Achieving a standard of excellence within companies is not an easy task for managers and employees to do. Therefore, it is necessary to use several quality management tools to achieve the expected results. Each of the tools is suitable for a type of analysis and it is not enough just to exist in theory. They must be put into practice and used correctly as each business or stage requires a different assessment.
Check out nine quality management tools and choose the most suitable for your company.
1. Flowchart as a quality management tool
This is a fundamental tool for the sector to define its processes and how they should take place. By means of geometric figures and indicative arrows, there is a graphic representation of the stages of the project and their sequence.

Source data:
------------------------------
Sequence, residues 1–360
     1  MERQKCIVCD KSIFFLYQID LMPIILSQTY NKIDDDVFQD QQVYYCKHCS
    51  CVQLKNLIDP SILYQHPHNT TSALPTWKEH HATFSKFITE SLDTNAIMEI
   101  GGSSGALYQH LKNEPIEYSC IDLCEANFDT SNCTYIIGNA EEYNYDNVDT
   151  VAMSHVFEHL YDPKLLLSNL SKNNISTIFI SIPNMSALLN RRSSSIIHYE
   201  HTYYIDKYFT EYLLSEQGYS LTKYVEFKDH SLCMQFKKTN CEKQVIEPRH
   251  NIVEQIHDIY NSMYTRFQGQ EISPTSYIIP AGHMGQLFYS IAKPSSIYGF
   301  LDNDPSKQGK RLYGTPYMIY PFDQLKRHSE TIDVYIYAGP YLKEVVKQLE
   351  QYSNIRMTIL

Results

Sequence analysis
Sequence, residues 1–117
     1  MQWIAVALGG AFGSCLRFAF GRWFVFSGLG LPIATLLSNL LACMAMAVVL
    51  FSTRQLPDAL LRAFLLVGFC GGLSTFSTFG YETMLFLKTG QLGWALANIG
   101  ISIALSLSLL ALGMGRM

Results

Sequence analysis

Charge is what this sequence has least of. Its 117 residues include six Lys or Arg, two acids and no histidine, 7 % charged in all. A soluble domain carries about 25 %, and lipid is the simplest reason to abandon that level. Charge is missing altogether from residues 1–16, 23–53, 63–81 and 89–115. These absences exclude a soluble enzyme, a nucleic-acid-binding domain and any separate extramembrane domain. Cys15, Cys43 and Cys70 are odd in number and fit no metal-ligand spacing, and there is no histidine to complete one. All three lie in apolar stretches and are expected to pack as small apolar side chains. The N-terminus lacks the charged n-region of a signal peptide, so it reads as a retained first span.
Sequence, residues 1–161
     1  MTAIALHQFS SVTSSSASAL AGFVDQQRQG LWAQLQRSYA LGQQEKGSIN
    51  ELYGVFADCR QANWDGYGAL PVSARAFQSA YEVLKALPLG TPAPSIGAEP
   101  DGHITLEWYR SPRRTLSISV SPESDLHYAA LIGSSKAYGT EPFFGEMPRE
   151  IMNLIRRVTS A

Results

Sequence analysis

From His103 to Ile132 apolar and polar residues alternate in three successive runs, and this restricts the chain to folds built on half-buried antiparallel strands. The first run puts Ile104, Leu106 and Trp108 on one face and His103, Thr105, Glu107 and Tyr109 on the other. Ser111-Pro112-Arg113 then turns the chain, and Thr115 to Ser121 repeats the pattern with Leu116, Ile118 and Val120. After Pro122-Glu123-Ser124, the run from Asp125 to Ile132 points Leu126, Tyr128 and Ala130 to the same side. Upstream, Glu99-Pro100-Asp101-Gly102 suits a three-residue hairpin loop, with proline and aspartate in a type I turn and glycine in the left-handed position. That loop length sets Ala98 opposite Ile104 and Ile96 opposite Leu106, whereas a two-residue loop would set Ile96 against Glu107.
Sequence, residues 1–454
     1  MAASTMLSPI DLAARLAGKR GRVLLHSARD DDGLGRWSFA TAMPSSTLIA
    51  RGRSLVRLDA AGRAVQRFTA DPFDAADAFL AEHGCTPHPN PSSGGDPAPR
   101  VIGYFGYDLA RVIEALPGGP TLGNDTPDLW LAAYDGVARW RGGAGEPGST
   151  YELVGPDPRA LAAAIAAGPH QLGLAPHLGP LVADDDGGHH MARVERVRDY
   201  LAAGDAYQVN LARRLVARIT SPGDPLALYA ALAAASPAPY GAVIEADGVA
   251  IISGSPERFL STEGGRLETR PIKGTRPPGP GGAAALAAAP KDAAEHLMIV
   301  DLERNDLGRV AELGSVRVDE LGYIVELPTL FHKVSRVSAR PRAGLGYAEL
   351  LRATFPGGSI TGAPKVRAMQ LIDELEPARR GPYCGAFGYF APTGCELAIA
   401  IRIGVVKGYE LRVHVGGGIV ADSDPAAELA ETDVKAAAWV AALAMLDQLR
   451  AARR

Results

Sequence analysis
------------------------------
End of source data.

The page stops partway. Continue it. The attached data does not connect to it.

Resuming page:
This allows it to be understood more easily, creating an orderly and uniform work environment. The flowchart can be used by any company and it helps to cultivate general knowledge about the structure of the business. This method helps to define the responsible for each stage and how each stage should take place, without anything being left out or delivered out of time. In this way, avoiding deviations and the wrong execution of the process. By having a clear view of all stages, it is possible to reevaluate the entire process or to change it completely, if applicable.
2. Ishikawa diagram